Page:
Since March, the Q Lab and Mind have been supporting organisations to develop and test ideas in practice to improve care for people with mental health problems and persistent back and neck pain.
We are delighted to announce that four teams have been awarded grant funding from the Health Foundation and NHS England/Improvement to build on their learning and continue to develop their interventions in practice.
The funding will provide teams an opportunity to establish the evidence base for their interventions, and continue collaborations with partners to improve outcomes for people living with mental health problems and persistent pain. The funding will also help teams to explore the potential to spread and scale their interventions beyond their local context in the future.
The teams and their projects
Supporting people with chronic joint pain to self-manage in mental health settings
The team will continue their work adapting the Joint Pain Advice model so that it can work successfully in mental health settings. This includes continuing testing with Sydenham Gardens – a community organisation – and building on their learning to test in another mental setting, the IAPT service in Lewisham. The team will develop plans for how the model can be adopted and adapted in other places in the future.
Psychologically informed physiotherapy skills training
The team will be working to embed training and support for MSK physiotherapists across both Kingston and St George’s Hospital. The training package will increase the physiotherapy team’s confidence in delivering psychologically informed physiotherapy to support patients with both persistent pain and mental health problems. By working across two sites, to understand what enables the training to be successful, the team hope to develop a training package that has the potential to be spread to other settings.
Improving awareness of and support for the mental health needs of people living with persistent pain: optimising three prototype interventions
Through testing with the Q Lab, the team have developed prototypes for three interventions, that together will improve care for people with mental health problems and persistent pain. The interventions include an evidence-based video on the links between mental health and persistent pain, a joint training programme for MSK physios and volunteers, and a repository on local services for people to signpost to. The team will continue to develop and implement these ideas at the MSK Interface Service at the Haywood Hospital. The work will be supported by a community of practice set up by the team, that includes clinicians, volunteers, researchers and people with lived experience.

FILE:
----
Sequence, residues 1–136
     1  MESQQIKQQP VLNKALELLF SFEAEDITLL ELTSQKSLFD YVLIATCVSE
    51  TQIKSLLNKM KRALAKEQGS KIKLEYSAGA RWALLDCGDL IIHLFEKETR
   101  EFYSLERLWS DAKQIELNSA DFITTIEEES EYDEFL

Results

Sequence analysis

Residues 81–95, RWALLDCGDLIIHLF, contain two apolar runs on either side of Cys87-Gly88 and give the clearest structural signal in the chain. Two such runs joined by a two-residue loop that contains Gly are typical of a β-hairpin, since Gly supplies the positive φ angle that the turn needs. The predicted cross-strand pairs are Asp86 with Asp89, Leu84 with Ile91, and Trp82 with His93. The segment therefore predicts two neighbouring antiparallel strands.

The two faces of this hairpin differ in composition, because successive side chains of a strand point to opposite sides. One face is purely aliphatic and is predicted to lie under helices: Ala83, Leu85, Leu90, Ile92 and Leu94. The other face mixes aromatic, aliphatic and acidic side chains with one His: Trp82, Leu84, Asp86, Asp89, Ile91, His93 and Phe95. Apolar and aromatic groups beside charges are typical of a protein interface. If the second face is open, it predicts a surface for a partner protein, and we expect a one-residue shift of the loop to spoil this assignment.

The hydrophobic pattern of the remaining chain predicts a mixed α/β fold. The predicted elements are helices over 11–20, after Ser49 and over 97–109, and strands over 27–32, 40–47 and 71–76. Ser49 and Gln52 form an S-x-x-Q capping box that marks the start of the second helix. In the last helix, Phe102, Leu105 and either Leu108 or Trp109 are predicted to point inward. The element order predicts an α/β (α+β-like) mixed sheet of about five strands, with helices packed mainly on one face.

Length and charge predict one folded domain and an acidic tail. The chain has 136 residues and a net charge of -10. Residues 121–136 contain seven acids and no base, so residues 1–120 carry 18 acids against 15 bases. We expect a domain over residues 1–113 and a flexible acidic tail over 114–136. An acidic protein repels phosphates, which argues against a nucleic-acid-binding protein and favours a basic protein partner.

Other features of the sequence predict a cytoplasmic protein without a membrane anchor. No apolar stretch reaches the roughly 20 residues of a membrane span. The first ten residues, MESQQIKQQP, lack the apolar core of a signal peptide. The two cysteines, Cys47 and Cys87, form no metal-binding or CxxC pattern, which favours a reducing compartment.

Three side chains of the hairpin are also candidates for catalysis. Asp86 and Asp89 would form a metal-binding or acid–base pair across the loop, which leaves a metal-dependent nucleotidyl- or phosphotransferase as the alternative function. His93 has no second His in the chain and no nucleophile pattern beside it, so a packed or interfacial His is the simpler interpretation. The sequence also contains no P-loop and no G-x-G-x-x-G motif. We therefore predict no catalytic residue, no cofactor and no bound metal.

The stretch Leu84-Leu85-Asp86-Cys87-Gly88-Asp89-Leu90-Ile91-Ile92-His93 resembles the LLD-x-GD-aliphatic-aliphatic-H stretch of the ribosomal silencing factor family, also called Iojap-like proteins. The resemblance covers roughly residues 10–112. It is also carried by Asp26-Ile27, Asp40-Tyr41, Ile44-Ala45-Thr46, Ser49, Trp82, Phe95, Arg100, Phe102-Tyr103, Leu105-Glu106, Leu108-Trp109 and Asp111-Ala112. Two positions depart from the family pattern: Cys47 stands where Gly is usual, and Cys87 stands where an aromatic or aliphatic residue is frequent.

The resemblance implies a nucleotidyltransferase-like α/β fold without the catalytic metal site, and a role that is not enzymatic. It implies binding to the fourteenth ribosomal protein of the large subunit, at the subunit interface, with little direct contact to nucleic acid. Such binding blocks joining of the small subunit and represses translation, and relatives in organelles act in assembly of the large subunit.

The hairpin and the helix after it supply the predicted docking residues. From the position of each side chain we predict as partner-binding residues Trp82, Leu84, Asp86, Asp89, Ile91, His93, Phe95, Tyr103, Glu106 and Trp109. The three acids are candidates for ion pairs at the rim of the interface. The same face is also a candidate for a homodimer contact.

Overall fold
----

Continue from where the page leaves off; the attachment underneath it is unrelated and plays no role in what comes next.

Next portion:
Enhancing engagement – building motivation and confidence with the aid of digital technologies
The team focused their testing work on understanding and improving the experience for people who didn’t engage with the patient management service. This highlighted the need for people to have access to information early on, to help them stay motivated in the process, but also the risk of overwhelming people with education materials. Based on their learning to date and user insights, the team will be developing a digital platform to improve experience and engagement with the service. They will work with developers to supplement an existing digital platform used in other pain services, with the potential for this work to be applied more widely.
Learning from the teams
Over the last 6-7 months working with the test teams, the Q Lab have been capturing the learning about what it takes to develop and test ideas in practice, working across physical health and mental health boundaries.
While the projects themselves are varied, some common themes have emerged which we have used to develop a practical guide to improve care across mental health and persistent back and neck pain. This will be published on 29 November so do keep an eye out for this.
Learning about the testing approach
It’s really exciting that from the Q Lab and Mind work we’re seeing some ideas and collaborations that show early potential to make an impact for people with mental health problems and persistent back and neck pain.
For the Lab team, this programme has been an opportunity to test and refine how we work alongside teams grappling with some of the same shared challenges, and the value it can offer.
Our role has often involved supporting teams to take one step back, so they can take multiple steps forwards.
For example, the test teams have been able to draw on the collaborative research conducted earlier this year, as well the experience of over 125 Lab participants to bring in viewpoints from a diverse range of people who have faced or are affected by similar challenges. This in turn has given confidence to the teams that they are on the right track.
We’ve also seen how working with teams early on, when first beginning their improvement work, has helped the teams refine their ideas, spending time diagnosing the problem before jumping straight to action. Our role has often involved supporting teams to take one step back, so they can take multiple steps forwards. By doing this, we hope that their ideas are best placed to succeed.
The teams will continue to share their progress via the Q community over the coming year. If you’re interested in a specific project, Q members can connect with the project leads directly. If you’re interested in the topic more broadly, do join the online group. If you have any questions, please do get in touch at QLab@health.org.uk